Here’s Our Fence Post:
Riffing off of Robert Barry’s 1969 show at Sperone gallery in Turin—which consisted of a sign announcing that the gallery was closed—Chilean-born artist Iván Navarro has caused a buzz at New York’s Armory show with an enormous neon fence on the site where his gallery, Paul Kasmin, would normally have its stand. In a venue where space is at a premium, the blocked-off area is perhaps the most exclusive site at the fair, a place no one can get in—unless, of course, you buy the piece, in which case you can presumably use it as a playpen or for any other purpose. The full fence costs $360,000, according to the gallery, but buyers can also pick up 7-foot sections for $40,000 each. Meanwhile, there are more of Navarro’s neon light sculptures—spectacular plays of mirrors and light that are modeled on the plans of skyscrapers and appear to extend to infinity—at his solo show in Kasmin’s Chelsea space, which opened last night.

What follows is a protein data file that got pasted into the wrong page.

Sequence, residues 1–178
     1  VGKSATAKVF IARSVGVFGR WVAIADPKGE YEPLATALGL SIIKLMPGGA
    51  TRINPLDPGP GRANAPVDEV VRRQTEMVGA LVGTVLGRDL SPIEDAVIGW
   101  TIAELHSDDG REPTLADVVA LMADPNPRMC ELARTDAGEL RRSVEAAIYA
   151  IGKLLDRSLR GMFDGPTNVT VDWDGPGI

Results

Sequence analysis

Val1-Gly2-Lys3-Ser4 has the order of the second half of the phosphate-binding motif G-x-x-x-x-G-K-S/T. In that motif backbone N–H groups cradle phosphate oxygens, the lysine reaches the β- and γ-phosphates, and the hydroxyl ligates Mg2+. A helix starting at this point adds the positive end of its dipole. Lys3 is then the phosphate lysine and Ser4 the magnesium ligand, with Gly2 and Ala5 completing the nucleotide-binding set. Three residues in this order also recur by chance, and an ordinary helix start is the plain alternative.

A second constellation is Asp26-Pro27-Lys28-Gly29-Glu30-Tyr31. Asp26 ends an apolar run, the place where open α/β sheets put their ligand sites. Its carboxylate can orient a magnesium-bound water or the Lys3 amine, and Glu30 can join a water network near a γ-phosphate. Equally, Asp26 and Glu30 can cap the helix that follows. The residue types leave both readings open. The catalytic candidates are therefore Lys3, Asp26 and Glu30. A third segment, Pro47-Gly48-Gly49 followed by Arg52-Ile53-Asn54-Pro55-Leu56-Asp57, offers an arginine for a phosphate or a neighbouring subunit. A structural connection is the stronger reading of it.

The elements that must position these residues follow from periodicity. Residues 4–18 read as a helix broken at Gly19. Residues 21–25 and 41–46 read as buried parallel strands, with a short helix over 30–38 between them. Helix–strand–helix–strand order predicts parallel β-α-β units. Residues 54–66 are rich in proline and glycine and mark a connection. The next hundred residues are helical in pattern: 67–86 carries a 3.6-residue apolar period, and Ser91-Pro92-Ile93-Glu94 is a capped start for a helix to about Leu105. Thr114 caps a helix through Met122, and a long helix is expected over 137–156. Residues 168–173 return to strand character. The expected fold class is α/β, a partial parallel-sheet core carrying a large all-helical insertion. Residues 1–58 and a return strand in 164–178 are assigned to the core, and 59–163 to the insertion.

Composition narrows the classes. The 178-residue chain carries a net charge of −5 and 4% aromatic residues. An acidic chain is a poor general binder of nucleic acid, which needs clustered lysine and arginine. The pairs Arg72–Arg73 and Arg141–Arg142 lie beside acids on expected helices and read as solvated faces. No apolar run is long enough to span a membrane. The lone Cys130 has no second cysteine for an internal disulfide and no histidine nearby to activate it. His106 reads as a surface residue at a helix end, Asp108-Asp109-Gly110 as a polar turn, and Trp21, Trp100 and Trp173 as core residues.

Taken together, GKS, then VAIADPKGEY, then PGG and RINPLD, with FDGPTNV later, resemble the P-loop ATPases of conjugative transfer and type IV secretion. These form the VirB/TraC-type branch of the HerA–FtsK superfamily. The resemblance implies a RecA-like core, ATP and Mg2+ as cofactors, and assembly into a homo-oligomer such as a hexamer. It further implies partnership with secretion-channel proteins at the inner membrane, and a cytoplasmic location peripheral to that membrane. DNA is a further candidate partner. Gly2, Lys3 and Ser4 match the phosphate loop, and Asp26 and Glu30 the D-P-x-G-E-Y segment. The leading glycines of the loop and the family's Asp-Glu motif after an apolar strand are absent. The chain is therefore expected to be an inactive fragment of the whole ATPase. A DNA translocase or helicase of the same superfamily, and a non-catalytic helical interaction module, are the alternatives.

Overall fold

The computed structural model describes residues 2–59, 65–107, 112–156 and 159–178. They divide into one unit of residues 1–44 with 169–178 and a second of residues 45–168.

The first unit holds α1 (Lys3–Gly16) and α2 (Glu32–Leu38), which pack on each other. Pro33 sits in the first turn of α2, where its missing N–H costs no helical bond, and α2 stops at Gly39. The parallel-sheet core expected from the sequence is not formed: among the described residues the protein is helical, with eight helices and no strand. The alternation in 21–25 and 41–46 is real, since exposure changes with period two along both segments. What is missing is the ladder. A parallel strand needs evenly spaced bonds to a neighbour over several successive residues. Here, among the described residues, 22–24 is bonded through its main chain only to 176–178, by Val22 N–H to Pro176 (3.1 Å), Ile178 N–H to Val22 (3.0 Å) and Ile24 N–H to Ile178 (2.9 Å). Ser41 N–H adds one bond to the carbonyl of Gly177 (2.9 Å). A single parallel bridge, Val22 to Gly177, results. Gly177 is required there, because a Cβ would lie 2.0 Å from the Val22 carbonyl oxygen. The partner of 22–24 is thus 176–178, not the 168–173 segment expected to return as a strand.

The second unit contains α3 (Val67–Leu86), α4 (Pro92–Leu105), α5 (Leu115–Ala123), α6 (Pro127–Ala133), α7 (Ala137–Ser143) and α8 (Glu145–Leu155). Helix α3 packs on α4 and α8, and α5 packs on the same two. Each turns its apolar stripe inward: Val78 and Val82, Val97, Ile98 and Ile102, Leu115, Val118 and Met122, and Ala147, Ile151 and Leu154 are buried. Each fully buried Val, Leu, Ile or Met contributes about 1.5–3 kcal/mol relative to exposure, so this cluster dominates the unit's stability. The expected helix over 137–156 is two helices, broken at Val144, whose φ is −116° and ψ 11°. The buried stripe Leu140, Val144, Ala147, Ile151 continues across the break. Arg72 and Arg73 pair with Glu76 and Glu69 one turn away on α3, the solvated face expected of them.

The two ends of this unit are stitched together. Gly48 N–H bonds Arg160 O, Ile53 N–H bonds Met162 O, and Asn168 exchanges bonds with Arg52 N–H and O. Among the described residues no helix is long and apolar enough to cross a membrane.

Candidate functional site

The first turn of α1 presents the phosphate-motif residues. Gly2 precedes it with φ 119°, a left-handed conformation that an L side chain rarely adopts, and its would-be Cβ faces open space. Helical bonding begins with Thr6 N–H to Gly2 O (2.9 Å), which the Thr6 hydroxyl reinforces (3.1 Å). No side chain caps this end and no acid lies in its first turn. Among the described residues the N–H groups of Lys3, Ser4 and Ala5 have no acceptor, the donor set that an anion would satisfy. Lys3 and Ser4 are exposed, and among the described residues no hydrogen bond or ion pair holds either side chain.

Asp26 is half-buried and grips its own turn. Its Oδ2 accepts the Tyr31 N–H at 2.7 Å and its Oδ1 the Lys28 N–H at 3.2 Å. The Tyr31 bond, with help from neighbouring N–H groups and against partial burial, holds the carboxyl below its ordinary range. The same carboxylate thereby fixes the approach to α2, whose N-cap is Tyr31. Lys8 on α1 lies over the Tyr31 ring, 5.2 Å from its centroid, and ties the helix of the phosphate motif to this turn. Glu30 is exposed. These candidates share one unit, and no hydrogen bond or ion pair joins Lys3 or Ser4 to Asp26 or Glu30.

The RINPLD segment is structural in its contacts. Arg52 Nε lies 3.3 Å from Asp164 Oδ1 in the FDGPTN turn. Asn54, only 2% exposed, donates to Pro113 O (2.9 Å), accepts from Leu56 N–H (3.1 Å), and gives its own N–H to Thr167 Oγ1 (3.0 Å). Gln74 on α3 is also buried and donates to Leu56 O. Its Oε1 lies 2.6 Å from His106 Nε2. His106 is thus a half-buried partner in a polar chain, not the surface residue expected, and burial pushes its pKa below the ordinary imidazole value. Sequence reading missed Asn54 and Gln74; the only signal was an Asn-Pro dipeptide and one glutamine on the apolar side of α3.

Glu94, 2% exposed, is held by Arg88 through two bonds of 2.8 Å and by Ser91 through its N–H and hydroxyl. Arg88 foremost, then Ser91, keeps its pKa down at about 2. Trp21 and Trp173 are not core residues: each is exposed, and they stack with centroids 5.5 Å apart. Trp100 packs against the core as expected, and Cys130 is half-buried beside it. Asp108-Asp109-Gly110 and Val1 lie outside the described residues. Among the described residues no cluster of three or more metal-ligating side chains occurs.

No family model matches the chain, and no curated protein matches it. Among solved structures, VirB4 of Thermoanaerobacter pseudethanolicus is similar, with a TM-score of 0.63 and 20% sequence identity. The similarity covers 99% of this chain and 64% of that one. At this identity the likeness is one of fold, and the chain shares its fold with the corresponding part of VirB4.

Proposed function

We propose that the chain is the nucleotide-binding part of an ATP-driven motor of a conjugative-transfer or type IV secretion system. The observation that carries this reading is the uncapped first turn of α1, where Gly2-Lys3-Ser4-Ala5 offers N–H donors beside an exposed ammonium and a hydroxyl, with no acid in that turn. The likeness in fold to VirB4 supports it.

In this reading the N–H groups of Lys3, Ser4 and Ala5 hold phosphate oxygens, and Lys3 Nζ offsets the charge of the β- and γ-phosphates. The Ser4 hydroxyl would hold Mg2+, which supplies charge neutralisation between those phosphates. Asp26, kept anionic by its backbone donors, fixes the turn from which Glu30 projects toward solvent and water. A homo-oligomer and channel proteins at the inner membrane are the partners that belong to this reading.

Here’s Our Fence Post:

Riffing off of Robert Barry’s 1969 show at Sperone gallery in Turin—which consisted of a sign announcing that the gallery was closed—Chilean-born artist Iván Navarro has caused a buzz at New York’s Armory show with an enormous neon fence on the site where his gallery, Paul Kasmin, would normally have its stand. In a venue where space is at a premium, the blocked-off area is perhaps the most exclusive site at the fair, a place no one can get in—unless, of course, you buy the piece, in which case you can presumably use it as a playpen or for any other purpose. The full fence costs $360,000, according to the gallery, but buyers can also pick up 7-foot sections for $40,000 each. Meanwhile, there are more of Navarro’s neon light sculptures—spectacular plays of mirrors and light that are modeled on the plans of skyscrapers and appear to extend to infinity—at his solo show in Kasmin’s Chelsea space, which opened last night.   

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